Welcome to Lynx to the Past. My name is Kenan and I am here today with Lillian Brimberry. All the buildings at Rhodes look very much alike from the outside. Walking through the campus for the first time, you may think that you will never be able to tell them apart. Sometimes it is hard to believe that they were built at different times over the past century. One thing they have in common, besides the Arkansas rubble stone, is that they are named for individuals and families that have supported our institution in some way.
I thought this would be a good opportunity to look into who our buildings are named after, starting with Buckman Hall. Buckman Hall was dedicated to Dr. Stanley Joseph Buckman and his wife Mertie Buckman. The Buckmans did not attend Rhodes but they contributed to many educational institutions in the Memphis area.
Dr. Stanley Buckman founded Buckman Laboratories in Memphis in 1945 with one product that was used to control microbiological problems in paper mills. Dr. Buckman lived from 1908-1978 and after his death, his wife, Mertie Buckman, became heavily involved in supporting Rhodes academics. The Buckman building is in honor of Stanley Buckman but it was his modest wife that was more involved in lifting up schools throughout Memphis.
Flora Mertie Willigar was born in Lyme New Hampshire in 1904. Her parents ran a dairy farm. Little Mertie was responsible for farm chores like taking care of the chickens and bailing hay. She helped her family raise cattle and sell milk. The town of Lyme had a little two-room schoolhouse that went up to 8th grade. Mertie was sent away to boarding school the next year, but the school was new and unorganized. The students were basically on their own. They weren’t supervised in the dorms and had to cook their own food. After a week, her mother brought her home and she spent another year in grade school basically doing an independent study until she could enroll in a more established school.
Her mom seemed to be a huge influence on Mertie.
Mertie’s mother was committed to the importance of education. When she was young, her father thought that her brother should be the one to get the opportunity to continue his education. This angered her because her brother had no interest in school while she did. Fortunately, Mertie’s mom was ahead of her time. She wanted to make sure that Mertie and other young women were given the opportunities she had been denied. Hattie Della Dustin Willigar was independent and strong willed. She had her own money and her own property. She had inherited her family’s farm and made her husband purchase the farm from her when they got married! She kept her money separate from her husband’s and managed her own finances. Her frustration with the injustices suffered by women must have rubbed off on her daughter. Mertie shared her mother’s desire that girls and women should have the same opportunities as their brothers. They followed the women’s suffrage movement together and were strong advocates of the ratification of the Nineteenth amendment.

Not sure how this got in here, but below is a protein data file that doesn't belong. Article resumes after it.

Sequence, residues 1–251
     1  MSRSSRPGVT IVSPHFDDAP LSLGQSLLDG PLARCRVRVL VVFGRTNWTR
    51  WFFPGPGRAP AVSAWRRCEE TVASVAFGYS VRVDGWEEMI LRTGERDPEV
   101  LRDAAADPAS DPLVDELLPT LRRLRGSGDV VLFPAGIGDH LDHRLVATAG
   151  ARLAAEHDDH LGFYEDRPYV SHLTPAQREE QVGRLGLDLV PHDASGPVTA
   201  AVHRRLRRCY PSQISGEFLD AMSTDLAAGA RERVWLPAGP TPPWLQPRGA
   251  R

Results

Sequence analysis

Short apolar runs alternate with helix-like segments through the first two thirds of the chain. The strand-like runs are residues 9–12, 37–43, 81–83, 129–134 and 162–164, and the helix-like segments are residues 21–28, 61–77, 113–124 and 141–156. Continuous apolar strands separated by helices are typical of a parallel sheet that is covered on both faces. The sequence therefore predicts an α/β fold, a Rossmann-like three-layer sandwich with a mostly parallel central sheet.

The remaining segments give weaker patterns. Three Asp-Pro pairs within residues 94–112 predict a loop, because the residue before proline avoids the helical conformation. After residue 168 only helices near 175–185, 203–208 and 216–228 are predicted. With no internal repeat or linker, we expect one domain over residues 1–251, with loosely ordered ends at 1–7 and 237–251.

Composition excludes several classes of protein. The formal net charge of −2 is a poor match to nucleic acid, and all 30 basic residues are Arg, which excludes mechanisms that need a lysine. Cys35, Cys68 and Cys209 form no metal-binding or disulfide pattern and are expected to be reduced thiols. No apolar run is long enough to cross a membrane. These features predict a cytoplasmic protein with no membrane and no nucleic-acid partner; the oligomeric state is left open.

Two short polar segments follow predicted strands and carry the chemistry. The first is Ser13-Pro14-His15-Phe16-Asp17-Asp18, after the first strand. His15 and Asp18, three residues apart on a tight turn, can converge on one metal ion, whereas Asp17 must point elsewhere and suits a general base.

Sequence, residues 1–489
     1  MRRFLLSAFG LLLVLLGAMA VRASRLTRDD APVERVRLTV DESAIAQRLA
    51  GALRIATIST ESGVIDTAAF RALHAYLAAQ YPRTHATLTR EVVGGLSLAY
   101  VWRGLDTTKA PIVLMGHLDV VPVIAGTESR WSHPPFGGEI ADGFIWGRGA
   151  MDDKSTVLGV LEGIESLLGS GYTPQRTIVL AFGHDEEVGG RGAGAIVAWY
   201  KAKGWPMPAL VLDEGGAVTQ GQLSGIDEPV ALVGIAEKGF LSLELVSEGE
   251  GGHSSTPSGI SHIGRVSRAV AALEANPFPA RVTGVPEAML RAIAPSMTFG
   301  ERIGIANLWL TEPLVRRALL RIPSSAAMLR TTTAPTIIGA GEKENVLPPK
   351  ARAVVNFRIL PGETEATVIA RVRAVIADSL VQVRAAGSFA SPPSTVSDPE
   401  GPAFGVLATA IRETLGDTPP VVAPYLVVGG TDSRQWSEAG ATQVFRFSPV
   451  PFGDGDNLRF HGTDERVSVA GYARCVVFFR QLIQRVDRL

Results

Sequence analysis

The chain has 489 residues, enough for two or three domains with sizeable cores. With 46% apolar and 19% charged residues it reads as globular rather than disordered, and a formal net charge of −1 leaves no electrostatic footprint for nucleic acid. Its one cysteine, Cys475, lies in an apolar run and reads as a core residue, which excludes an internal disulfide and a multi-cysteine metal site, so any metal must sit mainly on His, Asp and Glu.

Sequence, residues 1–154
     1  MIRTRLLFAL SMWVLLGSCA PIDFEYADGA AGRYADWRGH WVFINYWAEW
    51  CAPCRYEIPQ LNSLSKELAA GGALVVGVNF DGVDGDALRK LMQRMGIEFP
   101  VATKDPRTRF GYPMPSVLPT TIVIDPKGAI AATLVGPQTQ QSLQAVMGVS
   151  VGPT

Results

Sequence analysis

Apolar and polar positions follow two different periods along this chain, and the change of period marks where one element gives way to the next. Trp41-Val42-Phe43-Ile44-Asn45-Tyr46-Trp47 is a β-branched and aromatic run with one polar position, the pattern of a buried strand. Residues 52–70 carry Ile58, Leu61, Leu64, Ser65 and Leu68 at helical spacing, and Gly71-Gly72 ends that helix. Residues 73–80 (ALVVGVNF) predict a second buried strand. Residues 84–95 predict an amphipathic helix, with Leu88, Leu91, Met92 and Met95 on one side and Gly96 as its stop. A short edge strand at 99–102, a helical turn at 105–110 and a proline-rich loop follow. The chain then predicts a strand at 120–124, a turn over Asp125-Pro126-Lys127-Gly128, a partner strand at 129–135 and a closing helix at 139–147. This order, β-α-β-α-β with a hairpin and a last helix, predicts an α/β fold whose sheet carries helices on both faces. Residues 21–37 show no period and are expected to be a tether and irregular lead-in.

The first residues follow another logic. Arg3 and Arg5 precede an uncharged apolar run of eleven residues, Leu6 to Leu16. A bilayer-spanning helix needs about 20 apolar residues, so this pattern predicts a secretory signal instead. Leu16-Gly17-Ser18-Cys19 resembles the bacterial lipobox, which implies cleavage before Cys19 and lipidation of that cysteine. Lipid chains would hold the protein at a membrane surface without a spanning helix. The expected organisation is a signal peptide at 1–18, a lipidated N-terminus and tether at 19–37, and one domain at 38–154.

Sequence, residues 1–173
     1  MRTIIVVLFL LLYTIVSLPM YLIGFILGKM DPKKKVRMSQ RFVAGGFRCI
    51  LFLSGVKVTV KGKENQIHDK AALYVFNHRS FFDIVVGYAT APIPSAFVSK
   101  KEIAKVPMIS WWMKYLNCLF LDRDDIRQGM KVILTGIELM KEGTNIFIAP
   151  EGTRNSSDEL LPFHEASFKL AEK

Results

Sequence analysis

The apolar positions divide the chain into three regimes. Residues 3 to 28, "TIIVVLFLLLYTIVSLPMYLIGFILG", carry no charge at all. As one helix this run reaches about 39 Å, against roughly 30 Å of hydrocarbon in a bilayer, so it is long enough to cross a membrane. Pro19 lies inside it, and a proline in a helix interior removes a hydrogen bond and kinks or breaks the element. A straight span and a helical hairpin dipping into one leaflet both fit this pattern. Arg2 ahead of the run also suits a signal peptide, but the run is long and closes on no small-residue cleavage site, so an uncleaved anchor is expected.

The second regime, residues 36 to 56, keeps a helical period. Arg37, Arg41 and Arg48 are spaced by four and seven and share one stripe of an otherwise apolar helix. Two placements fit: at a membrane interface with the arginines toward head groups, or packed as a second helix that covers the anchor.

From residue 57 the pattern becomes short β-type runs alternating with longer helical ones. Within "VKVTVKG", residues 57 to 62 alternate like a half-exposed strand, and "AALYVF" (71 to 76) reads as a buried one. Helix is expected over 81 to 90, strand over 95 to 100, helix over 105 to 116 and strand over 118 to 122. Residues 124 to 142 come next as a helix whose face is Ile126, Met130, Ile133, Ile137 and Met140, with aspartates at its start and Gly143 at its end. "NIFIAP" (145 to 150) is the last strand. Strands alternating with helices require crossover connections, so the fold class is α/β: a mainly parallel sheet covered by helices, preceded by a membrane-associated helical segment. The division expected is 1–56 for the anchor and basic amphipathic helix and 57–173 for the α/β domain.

Unfortunately, Hattie died when Mertie was only thirteen, leaving her to take on more responsibility in the home. She had to leave school to help her dad and little sister. She managed the farm and cooked and cleaned for three years. She wanted to continue her education but wasn’t sure what she wanted to study. So she stayed in Lyme and taught grades 1 through 4 at the same little school she had attended. Her plans changed when her father died suddenly.
At 19, she became the head of the family with no relatives living in New England. When her sister Bernis finished her school year, they held an auction to sell the farm and all of their belongings. Afterwards they got on a train and went to the Pacific Northwest to stay with an aunt and uncle in Washington. Mertie Buckman enrolled at the University of Washington and earned both bachelors and master’s degree in home economics.